It’s deer rifles today, both chambered for the 101-year-old .30/06, a difficult cartridge to argue with under almost any big game-hunting circumstances. We’ve got a semiauto with fancy wood stock versus a bolt-action made as practical as possible.
Dalton’s Montana Rifle
This rifle is what I would call the David E. Petzal special. I have put the gun together over the last year from a list of cool and interesting gear you guys review in your magazine. At first I thought you were paid by the manufacturers to use their equipment. As I began to timidly purchase items though, I found out you aren’t entirely full of it, and I have been very pleased with the end result.
What you see here is a Montana Rifle Co. X2 bolt action in 30/06. It has a Bushnell Elite 6500 2.5–16×50 scope on it along with a Sandstorm Custom Rifle Sling. This is the first rifle I have purchased and it will shoot tighter groups than I can. I am eagerly awaiting the Missouri gun opener to hopefully tag a whitetail with it while putting the gun through its first field trial. I have few concerns, as the gun is rock solid.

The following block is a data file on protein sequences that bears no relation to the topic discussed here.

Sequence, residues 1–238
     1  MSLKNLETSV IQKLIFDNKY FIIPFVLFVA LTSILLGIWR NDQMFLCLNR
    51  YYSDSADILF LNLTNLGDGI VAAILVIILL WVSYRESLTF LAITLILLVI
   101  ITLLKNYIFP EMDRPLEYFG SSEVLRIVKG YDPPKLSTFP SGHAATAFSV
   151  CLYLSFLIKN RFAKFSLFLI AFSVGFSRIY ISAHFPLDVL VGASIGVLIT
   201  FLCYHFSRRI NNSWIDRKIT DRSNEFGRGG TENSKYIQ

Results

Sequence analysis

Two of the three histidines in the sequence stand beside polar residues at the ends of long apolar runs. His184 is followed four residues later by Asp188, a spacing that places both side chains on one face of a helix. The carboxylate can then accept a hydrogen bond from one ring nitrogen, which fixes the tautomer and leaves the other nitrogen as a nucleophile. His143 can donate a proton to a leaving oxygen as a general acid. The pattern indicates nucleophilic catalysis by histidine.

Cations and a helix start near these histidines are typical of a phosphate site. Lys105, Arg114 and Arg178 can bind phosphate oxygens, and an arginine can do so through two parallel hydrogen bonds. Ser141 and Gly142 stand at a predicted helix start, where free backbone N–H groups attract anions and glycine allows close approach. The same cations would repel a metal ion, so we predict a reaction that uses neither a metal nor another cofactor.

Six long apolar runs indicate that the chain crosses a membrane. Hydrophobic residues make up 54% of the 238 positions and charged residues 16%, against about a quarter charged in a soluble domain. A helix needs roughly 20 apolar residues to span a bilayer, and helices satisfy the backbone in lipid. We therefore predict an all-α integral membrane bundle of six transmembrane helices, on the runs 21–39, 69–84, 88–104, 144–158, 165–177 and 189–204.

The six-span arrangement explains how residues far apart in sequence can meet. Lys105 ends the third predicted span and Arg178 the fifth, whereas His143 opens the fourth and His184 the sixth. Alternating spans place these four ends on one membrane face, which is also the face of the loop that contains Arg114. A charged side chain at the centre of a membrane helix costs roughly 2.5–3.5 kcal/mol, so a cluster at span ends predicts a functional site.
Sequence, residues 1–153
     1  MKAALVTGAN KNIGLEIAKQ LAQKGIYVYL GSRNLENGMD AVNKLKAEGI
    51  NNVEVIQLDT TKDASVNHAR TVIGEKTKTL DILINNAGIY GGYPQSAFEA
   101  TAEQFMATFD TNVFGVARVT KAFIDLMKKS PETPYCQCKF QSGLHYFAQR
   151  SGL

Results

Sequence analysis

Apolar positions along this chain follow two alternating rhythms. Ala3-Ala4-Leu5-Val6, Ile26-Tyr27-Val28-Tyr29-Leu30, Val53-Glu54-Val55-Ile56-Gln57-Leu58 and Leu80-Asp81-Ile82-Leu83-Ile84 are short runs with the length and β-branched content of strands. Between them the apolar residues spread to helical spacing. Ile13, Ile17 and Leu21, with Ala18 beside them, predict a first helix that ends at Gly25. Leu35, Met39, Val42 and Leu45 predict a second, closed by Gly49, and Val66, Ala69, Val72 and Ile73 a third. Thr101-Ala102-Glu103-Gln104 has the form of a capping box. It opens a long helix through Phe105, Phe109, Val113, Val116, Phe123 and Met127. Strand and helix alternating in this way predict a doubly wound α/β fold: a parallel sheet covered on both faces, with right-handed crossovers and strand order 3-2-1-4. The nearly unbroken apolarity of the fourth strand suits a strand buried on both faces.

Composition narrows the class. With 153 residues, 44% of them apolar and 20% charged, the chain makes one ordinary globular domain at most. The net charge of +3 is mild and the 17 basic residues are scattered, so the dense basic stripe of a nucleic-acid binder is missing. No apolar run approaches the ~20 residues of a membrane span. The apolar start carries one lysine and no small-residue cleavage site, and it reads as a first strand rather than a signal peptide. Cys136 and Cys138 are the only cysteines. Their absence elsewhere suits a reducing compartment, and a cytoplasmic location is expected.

My Dad gave me this .30/06 Remington 7400 a couple of years ago when he bought a new deer rifle. It has factory engraving and upgraded wood. This year I topped it with an old El Paso Weaver K4 in super-low Leupold mounts. These allow me to get a solid cheek weld. The old Weaver fogs occasionally, and it has a couple of chips in the rear lens, but I like the look of the old blued-steel scope, so I put up with it.
This buck was in hot pursuit of a petite yearling doe. I heard him grunting right before he cruised around the side of a knob I was watching. I was only 45 minutes into my deer season when I pulled the trigger.
Thanks, Dalton, for your kind words. It is true that manufacturers don’t pay us, and we try to remember at all times we work for the readers of Field & Stream, not advertisers. As for today’s rifles, vote and comment below, and keep the gun pictures coming to firstname.lastname@example.org.